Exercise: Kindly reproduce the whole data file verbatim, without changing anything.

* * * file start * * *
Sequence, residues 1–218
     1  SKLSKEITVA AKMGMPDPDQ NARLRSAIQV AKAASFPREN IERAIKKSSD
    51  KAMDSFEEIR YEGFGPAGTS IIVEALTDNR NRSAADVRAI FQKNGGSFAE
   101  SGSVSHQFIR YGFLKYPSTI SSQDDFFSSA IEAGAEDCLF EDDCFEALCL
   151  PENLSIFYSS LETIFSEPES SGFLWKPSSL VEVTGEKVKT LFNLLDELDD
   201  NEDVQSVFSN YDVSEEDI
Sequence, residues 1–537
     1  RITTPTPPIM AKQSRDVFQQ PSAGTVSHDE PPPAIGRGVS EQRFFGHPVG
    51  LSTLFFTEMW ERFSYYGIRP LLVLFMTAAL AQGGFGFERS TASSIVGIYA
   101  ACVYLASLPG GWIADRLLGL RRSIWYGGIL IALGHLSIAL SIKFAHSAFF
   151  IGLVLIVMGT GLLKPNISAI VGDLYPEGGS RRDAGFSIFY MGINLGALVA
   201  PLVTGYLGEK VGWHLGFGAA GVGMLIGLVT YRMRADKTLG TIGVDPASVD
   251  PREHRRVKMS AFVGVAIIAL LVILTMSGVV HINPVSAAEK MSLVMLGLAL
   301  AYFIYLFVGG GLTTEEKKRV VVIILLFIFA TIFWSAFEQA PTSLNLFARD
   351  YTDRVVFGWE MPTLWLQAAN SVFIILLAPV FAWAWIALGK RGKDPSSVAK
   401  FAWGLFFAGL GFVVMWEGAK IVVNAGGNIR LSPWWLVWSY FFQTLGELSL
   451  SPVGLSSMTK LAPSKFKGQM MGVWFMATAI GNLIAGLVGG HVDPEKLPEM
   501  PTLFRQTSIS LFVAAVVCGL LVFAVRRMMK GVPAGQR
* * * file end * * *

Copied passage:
Sequence, residues 1–218
     1  SKLSKEITVA AKMGMPDPDQ NARLRSAIQV AKAASFPREN IERAIKKSSD
    51  KAMDSFEEIR YEGFGPAGTS IIVEALTDNR NRSAADVRAI FQKNGGSFAE
   101  SGSVSHQFIR YGFLKYPSTI SSQDDFFSSA IEAGAEDCLF EDDCFEALCL
   151  PENLSIFYSS LETIFSEPES SGFLWKPSSL VEVTGEKVKT LFNLLDELDD
   201  NEDVQSVFSN YDVSEEDI
Sequence, residues 1–537
     1  RITTPTPPIM AKQSRDVFQQ PSAGTVSHDE PPPAIGRGVS EQRFFGHPVG
    51  LSTLFFTEMW ERFSYYGIRP LLVLFMTAAL AQGGFGFERS TASSIVGIYA
   101  ACVYLASLPG GWIADRLLGL RRSIWYGGIL IALGHLSIAL SIKFAHSAFF
   151  IGLVLIVMGT GLLKPNISAI VGDLYPEGGS RRDAGFSIFY MGINLGALVA
   201  PLVTGYLGEK VGWHLGFGAA GVGMLIGLVT YRMRADKTLG TIGVDPASVD
   251  PREHRRVKMS AFVGVAIIAL LVILTMSGVV HINPVSAAEK MSLVMLGLAL
   301  AYFIYLFVGG GLTTEEKKRV VVIILLFIFA TIFWSAFEQA PTSLNLFARD
   351  YTDRVVFGWE MPTLWLQAAN SVFIILLAPV FAWAWIALGK RGKDPSSVAK
   401  FAWGLFFAGL GFVVMWEGAK IVVNAGGNIR LSPWWLVWSY FFQTLGELSL
   451  SPVGLSSMTK LAPSKFKGQM MGVWFMATAI GNLIAGLVGG HVDPEKLPEM
   501  PTLFRQTSIS LFVAAVVCGL LVFAVRRMMK GVPAGQR